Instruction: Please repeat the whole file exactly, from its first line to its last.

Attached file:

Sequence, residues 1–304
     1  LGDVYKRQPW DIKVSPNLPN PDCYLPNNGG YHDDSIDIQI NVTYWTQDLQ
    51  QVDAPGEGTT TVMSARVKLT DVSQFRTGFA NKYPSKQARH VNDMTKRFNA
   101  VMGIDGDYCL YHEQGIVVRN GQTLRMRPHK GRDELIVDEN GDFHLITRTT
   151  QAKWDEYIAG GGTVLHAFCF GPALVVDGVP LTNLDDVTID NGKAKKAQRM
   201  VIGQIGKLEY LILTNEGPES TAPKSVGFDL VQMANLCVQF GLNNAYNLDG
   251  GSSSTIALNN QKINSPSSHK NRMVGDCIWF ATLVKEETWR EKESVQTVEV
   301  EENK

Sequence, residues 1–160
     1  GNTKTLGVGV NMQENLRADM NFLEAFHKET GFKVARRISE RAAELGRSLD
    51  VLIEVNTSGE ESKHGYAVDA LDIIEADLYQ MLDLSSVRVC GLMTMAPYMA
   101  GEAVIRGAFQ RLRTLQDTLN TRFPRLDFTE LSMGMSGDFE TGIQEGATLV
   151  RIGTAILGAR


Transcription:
Sequence, residues 1–304
     1  LGDVYKRQPW DIKVSPNLPN PDCYLPNNGG YHDDSIDIQI NVTYWTQDLQ
    51  QVDAPGEGTT TVMSARVKLT DVSQFRTGFA NKYPSKQARH VNDMTKRFNA
   101  VMGIDGDYCL YHEQGIVVRN GQTLRMRPHK GRDELIVDEN GDFHLITRTT
   151  QAKWDEYIAG GGTVLHAFCF GPALVVDGVP LTNLDDVTID NGKAKKAQRM
   201  VIGQIGKLEY LILTNEGPES TAPKSVGFDL VQMANLCVQF GLNNAYNLDG
   251  GSSSTIALNN QKINSPSSHK NRMVGDCIWF ATLVKEETWR EKESVQTVEV
   301  EENK

Sequence, residues 1–160
     1  GNTKTLGVGV NMQENLRADM NFLEAFHKET GFKVARRISE RAAELGRSLD
    51  VLIEVNTSGE ESKHGYAVDA LDIIEADLYQ MLDLSSVRVC GLMTMAPYMA
   101  GEAVIRGAFQ RLRTLQDTLN TRFPRLDFTE LSMGMSGDFE TGIQEGATLV
   151  RIGTAILGAR